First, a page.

Jack, FuRR's feral cat Trap/Neuter/Return (TNR) program has saved the
lives of hundreds of fearl and stray cats since its beginning in the
summer of 2007.
This program was born from our search for Jack, a
very special shiny black fella who was last from his home in downtown
Little Rock on January 1, 2007. We spent many weeks searching the
alleyways and basements in the area, posting flyers and knocking on
doors, and crawling undernearth abandoned houses.
We didn't find
Jack, but we did find a a problem. The many feral cats in the area
in need of spay and neuter. Suprisingly a number of them had
caregivers willing to feed them but with no means for pay for their
Who are these feral cats? They are free-roaming
cats which generally are one generation or more removed from being house
pets, and their offspring. They aren't socialized to humans and
only very rarely can be tamed, but their kittens, if caught young, can
Found living among the truly ferals, may be the cats
who were once pets but have been abandoned or gotten lost and have
learned to survive on their own and joined a feral colony. These
cats, when captured can often be re-socialized to live with humans.
But their initial reaction to being capture is often frantic and they
can mistaken for feral.
While you will never be able to hold a
true feral in your arms and cuddle it, caregivers do develop strong
relationships with the cats in their colonies. This relationship
is different from usual human to cat, but just as precious as the one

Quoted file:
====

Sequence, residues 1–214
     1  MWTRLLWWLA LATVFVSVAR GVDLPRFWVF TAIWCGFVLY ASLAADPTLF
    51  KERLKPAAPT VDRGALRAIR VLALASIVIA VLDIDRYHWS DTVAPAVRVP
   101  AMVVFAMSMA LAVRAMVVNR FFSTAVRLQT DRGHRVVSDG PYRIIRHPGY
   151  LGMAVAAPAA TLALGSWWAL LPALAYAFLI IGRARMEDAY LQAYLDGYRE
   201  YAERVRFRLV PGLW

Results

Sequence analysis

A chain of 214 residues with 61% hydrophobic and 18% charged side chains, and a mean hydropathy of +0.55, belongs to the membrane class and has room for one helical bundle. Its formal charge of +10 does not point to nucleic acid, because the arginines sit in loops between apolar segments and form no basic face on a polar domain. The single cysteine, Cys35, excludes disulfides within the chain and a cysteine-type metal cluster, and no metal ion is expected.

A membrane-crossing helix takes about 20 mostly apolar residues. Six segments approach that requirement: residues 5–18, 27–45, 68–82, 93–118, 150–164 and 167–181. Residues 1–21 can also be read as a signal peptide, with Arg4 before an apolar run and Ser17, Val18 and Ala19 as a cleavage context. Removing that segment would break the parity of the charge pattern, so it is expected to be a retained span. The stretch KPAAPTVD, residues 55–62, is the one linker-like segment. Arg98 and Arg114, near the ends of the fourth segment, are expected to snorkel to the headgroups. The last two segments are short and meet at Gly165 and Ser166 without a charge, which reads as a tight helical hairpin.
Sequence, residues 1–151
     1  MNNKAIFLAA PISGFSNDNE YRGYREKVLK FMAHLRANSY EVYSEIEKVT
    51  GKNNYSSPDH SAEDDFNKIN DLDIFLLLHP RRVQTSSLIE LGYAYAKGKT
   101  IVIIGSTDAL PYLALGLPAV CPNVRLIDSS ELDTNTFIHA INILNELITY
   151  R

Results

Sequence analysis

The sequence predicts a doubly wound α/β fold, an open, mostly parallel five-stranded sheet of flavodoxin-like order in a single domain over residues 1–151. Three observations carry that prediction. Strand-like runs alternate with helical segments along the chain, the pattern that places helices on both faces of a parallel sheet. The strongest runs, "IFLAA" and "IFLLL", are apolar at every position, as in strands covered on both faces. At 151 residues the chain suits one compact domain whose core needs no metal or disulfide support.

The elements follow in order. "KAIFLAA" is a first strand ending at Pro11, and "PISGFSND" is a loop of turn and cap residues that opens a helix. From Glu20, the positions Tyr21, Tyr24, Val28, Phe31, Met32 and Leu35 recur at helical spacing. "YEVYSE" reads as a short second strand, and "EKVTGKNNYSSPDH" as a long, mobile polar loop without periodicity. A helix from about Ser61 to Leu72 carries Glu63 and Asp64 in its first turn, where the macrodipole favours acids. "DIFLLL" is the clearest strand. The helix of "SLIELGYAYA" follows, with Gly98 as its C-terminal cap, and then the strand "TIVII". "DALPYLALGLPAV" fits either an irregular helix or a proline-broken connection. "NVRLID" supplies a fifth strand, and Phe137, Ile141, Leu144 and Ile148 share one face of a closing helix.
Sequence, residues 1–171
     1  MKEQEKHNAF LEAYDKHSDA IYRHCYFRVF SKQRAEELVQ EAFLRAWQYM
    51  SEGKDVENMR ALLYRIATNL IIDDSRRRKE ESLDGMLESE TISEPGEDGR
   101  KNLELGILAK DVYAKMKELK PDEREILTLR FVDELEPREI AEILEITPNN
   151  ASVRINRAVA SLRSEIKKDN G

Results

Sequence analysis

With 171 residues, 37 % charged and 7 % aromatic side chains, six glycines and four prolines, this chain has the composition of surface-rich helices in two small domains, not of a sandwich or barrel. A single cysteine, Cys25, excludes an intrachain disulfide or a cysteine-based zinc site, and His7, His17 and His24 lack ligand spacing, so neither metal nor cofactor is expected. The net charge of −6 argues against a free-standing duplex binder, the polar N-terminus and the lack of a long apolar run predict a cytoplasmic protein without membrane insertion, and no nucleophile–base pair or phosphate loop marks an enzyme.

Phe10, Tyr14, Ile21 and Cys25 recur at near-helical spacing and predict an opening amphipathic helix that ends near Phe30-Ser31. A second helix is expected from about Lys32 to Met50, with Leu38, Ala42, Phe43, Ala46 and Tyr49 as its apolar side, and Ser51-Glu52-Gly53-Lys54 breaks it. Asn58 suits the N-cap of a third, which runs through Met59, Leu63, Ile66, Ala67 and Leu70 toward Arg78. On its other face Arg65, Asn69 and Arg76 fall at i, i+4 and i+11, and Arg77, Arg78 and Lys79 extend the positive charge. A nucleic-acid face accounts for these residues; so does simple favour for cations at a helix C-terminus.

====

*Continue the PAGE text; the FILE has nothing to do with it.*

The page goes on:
you have with the kitty who has shared your pillow since kitten hood.
Kitten season in 2013 has been really, really hard to work through.
FuRR has received several calls daily from colony caregivers, cat
lovers, and people with huge hearts who have found
lost, abandoned, or stray cats and their kittens. Operation Jack
offers spay/neuter assistance for these cats that are trapped, brought
to our clinics
, altered, vaccinated, and
treated for parasites (fleas/ticks/worms). This practice
significantly prevents the birth and suffering of more cats.
Economoic times are hard and we have seen a large increase in the number
of cats being abandoned and left to fend for themselves and free to
breed. Operation Jack funds are low and we need
. We can always use financial
support, donations of food, and annual sponsorship. We are making
a huge difference, but we need your help!
If you are interested
in helping us continue our mission of reducing the overpopulation of
cats in Arkansas, please Contact Us
consider a Donation